'Boro' the KOBO A-B collection is the first exhibition of the school year being held in the Crypt Gallery at Norwich School. KOBO A-B is a local Japanese Boro, textiles and fabrics, ceramics, homeware, stationery, clothing and furniture shop owned by Hiroko and Nigel Aono-Billson.
The exhibition brings together elements of Hiroko and Nigel's eclectic private collection of Japanese Boro textiles, pieces which date back 100 to 200 years in the Edo period. 'The nature of Boro is about mending, recycling and repurposing.'
Tessa and Lily, Art and Design Graduate Assistants at Norwich School, interviewed Hiroko and Nigel on what the exhibition entails.
As well as your brick and mortar shop on 21 Magdalen Street, what else is KOBO A-B?
The concept for KOBO A—B started around 2005 when we lived in Japan, it sprang from Hiroko’s mother’s collection of different types of Japanese old textiles mainly Indigo and Ikat. 10 years ago, we started doing a pop up in the farmers market and I was interested in making Boro inspired pieces. At the time, we were looking at the fusion between East and West culture in magazines, we started to write a proposal for a book and the shop has become a reincarnation of that.
Nigel: As well as my graphic practice I’ve always been interested in craft and working with my hands, so I started making scarves and bags which were all inspired by these Boro articles and items.
We were approached last year about this collection and as we already had several pieces anyway, the main core of our collection are those pieces which date back from 100 to 200 years in the Edo period. One of the concepts behind KOBO A—B is to introduce the craft to the UK and particularly to this region.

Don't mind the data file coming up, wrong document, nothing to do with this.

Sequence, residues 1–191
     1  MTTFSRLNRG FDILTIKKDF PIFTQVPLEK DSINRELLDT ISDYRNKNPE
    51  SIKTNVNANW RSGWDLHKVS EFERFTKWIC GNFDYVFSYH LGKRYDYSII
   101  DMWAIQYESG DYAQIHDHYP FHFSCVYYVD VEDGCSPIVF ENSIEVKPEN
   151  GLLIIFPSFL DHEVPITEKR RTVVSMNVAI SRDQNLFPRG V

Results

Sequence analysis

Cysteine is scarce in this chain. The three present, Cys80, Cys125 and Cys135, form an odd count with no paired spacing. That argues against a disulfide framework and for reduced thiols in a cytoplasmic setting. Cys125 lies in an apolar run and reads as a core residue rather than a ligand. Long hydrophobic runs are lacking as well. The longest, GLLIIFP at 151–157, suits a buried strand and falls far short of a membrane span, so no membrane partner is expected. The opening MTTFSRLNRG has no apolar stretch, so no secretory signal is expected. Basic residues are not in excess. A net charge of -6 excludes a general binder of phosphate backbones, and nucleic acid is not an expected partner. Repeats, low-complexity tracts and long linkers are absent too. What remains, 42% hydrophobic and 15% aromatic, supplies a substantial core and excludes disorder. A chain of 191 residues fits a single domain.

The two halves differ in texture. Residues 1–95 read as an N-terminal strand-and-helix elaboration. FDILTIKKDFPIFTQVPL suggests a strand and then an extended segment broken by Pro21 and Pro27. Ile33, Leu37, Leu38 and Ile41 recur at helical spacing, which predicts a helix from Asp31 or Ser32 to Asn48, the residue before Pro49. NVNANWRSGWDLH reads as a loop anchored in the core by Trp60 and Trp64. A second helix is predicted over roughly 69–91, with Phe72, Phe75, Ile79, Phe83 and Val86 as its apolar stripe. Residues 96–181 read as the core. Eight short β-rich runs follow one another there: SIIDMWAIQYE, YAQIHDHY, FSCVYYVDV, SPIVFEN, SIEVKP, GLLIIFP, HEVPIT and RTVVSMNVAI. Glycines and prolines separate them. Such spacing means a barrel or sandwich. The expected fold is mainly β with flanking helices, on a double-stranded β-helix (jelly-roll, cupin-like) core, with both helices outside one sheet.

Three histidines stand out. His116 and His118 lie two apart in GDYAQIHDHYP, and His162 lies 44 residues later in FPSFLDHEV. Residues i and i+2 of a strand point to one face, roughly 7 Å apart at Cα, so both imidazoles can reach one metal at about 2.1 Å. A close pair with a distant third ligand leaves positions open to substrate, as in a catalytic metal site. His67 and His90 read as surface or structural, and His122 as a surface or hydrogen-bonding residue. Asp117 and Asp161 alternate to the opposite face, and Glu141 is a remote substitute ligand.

In Norwich, there seems to be a hub of Japanese culture, with the Sainsbury Institute for the Study of Japanese Arts and Cultures and the UEA having Japanese language and historical courses, so I guess Kobo fitted in nicely and continues to evolve organically.
How does KOBO A—B follow the ethos ‘everything considered’?
Everything considered comes from the Japanese word ‘Teineini’, which is about what you do: everything with care, so everything is thought about. We try to be ethical, caring and thoughtful.
The nature of Boro is about mending, recycling and repurposing. There isn’t a huge history about it, a lot of it is about necessity. I suppose there’s a sense of reverence; about everything, even the Boro garments become slightly reverential because they are spiritual. They’re imbued with the stories of people that made them; with these garments, we don’t know how many people wore them, how many people worked on them, or how many generations worked on them. They have been passed down in families.
Every single thing within KOBO A—B is chosen with consideration of where they came from, how it is made and what it is also made of.
You’re showing a collection of historical and contemporary Japanese Boro textiles in The Crypt gallery 16th Sept- 28th Sept, how do you intend these pieces to work within this space?
What’s wonderful about this space and something I find remarkable are that the markings on the wall are the evidence that people have been here and they’ve wanted to establish they have been connected with this place. So, there is that sense of history, reverence and connection which echoes the essence of these Boro pieces.
“Walking into the space, it feels like you are walking into a room full of ghosts”
Andy Campbell, Creative projects coordinator, Norwich School
Why should people come and see the exhibition 'Boro'?
To our knowledge, this is the first Boro show in Norfolk. It’s an opportunity to share these pieces and this wonderful collection with everyone who may be interested in Japanese textiles. There’s such a huge developing interest in renewal, mending and darning so it’s great that we’ve been invited to put these items together and show them.